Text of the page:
The Journey as Portrayed by Four Artists (Part 3)

In my two previous posts I presented two paintings situated around the dining table.  The first painting, by Van Gogh, expresses the satisfaction of the most basic of needs – food and warmth.  In the painting this basic need is satisfied through the family.  I then presented a painting by Brueghel the Elder in which the first need for food is satisfied as well as the second need for safety, which is provided by the community as well as the family.

In this post I would like to present a third painting, a painting by Renoir.  This third painting, also centered around the dining table, expresses not only the satisfaction of the first need for food as well as the second need for safety, but the third need for belongingness and a place among one’s friends.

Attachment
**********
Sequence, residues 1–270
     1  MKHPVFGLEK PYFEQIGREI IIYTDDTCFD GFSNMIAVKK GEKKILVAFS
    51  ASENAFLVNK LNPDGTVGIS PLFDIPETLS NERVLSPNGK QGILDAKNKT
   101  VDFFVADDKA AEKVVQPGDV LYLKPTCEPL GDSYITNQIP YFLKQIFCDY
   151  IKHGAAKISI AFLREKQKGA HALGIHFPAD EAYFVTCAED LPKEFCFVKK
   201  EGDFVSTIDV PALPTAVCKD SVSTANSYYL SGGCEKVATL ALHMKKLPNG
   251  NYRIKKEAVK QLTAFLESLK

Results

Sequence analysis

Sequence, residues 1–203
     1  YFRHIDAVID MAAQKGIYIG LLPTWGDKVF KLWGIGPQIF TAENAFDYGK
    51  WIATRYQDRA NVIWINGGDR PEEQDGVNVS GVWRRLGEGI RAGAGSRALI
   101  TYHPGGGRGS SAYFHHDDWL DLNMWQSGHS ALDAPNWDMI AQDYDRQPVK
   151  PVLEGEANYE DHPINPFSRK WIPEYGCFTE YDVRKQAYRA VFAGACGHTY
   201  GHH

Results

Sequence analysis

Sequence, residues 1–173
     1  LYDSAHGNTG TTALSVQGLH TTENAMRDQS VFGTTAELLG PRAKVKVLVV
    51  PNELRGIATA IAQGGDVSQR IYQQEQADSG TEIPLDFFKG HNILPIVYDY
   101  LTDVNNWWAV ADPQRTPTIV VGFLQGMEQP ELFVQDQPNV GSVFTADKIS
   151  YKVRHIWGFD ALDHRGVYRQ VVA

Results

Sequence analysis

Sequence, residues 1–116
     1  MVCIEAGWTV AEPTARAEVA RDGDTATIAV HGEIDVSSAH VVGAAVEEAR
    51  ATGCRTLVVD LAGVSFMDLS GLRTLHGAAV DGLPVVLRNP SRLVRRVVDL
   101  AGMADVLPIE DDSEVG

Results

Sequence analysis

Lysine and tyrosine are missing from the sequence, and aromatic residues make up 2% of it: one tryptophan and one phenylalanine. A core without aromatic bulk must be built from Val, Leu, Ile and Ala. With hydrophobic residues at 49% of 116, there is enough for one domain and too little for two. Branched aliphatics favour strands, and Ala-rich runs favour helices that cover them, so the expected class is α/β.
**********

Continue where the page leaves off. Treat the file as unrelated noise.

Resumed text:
Luncheon of the Boating Party by Renoir

 

This painting is a magnificent depiction of sociability: friendship at its most sophisticated and glorious.  This one painting, with its colors, food, wine, and conversation, perhaps best represents the satisfaction of the belongingness need for most people today.  However, it differs from the Brueghel the Elder painting in that the characters are much less interested in eating (that need has been satisfied) and are less concerned with the safety of their surroundings (that need has also been satisfied).  What is driving the action is the need to satisfy one’s sense of belonging and place within society. 

Unlike the previous two paintings, there is a sense of flow among the characters.  The characters appear to be distant from the cares and anxieties of the everyday world.  All of them are enjoying the moment as a reward in and of itself.  There is no further motive than to enjoy the friendship of others.

This painting differs from the Brueghel painting in that the characters are interacting with one another, lost in the moment, rather than side-by-side each other in the same room with each expressing their own place in life.

Up next, the final painting along the Journey.

 

 

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